Jeannie Ralston's new book, The Unlikely Lavender Queen, is all about life, and love, and lavender, of course
The Unlikely Lavender Queen by Jeannie Ralston takes the reader on an adventure from New York City to Blanco, Texas, and beyond. Ralston took the idea of growing lavender in the Hill Country and turned it into an agri-industry in the sun-baked, rocky soil west of Austin. Who would have thought you could grow lavender in Texas?
Robb Kendrick, Ralston's husband, might not have been the first to consider turning his hay field into a lavender field, but the couple's Hill Country Lavender was the first pick-your-own lavender farm in Texas. Blanco County has grown to become "the lavender capital of Texas," with seven farms open since Memorial Day 2001, when Ralston first opened her front gate to the public. There are now another half-dozen lavender farms in neighboring Kendall and Gillespie counties.
Casual acquaintances of Ralston often don't know that she had a successful writing career with national magazines before becoming the lavender queen. She never had the dream of being a farmer, much less a farmer's wife. Too often her accomplishments were overshadowed by the beautiful artwork of her National Geographic-photographer husband. Her new book sets the record straight in a fast-paced narrative that shines a light on some of life's little mysteries, with humor and the advantage of hindsight.
The first time I met Ralston, she was juggling three minor crises, and I was the fourth. Despite her hectic schedule getting ready for her fourth spring harvest, she showed me around the farm. It was late May, and the purple buds were barely beginning to show on the rows of lavender plants that looked like long, greenish-gray caterpillars stretching across the field. Even early in the season, the air smelled of the faint hint of lavender.
When Ralston told me with a laugh, "Robb had to drag me out to the country kicking and screaming, and now I can't imagine living anywhere else," I had no idea how serious she really was. The book lays bare the ups and downs of married life and farming, neither of which is easy; but both can be very rewarding.
The lavender farm was Kendrick's idea, after he noticed the similarities in climate and soil between Provence, France, and their land outside of Blanco. After extensive research and experimentation, he planted 4 acres of lavender in front of their house. As the plants matured and thrived, Ralston juggled dealing with contractors converting an old barn into a showcase home, raising two young boys, maintaining a career, and building the lavender business in a small town as foreign to her as New York City would be to her new neighbors: All while her partner traveled the world shooting photographs. Ralston turned out to be stronger than even she thought she could be, and her story is an inspiring adventure that turned out to be more successful than her wildest dreams.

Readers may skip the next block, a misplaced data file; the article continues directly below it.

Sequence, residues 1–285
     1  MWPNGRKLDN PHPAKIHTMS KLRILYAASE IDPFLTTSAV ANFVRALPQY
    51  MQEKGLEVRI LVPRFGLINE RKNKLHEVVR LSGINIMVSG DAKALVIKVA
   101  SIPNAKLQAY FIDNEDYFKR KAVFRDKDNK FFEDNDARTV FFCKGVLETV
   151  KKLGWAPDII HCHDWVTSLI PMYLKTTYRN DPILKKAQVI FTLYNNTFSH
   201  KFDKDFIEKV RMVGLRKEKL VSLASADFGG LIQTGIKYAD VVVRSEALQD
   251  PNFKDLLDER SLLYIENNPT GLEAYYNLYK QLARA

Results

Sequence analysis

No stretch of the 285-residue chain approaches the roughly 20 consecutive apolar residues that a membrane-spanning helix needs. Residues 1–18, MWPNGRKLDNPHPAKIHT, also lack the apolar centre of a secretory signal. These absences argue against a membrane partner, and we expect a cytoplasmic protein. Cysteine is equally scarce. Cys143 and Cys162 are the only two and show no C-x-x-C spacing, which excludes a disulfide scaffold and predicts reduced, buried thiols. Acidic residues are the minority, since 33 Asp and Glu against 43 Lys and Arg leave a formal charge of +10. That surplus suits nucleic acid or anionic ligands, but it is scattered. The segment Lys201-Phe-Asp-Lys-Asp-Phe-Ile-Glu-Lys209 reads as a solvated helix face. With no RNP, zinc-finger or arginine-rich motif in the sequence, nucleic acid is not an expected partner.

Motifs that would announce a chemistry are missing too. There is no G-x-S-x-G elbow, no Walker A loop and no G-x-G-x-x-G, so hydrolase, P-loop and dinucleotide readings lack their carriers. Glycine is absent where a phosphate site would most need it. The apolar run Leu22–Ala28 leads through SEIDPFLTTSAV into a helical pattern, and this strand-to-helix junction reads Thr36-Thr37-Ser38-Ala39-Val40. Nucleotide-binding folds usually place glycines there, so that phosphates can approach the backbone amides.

Ultimately, the lavender farm became a victim of its own success. "In order to continue, we would have had to take it to the next level," Ralston said over barbecue, after she and Kendrick had sold their house and farm in order to move to Mexico and a new adventure. "[Robb] got me into the lavender farm, and he got me out of it," she said with a laugh. "On the surface, the book is about lavender, but it's about more than that. Sometimes you don't get what you want in life; sometimes you get lavender."
The Blanco Lavender Festival takes place on June 14 and 15. Besides pick-your-own open houses at the farms, there will be a lavender market on the grounds of the historic Blanco County Courthouse. Along with vendors and artists selling a wide range of lavender goods, Ralston will be among the speakers discussing a variety of herbal subjects. There will also be live music and cooking demonstrations using locally grown products. For a full schedule and maps to the farms, go to www.blancolavenderfest.com.
For information about The Unlikely Lavender Queen, go to Jeannie Ralston's website at www.jeannieralston.com. She'll be in the Austin area signing copies of her book and at the Lavender Festival, at least one more time.
883rd in a series. Day Trips, Vol. 2, a book of "Day Trips" 101-200, is available for $8.95, plus $3.05 for shipping, handling, and tax. Mail to: Day Trips, PO Box 33284, South Austin, TX 78704.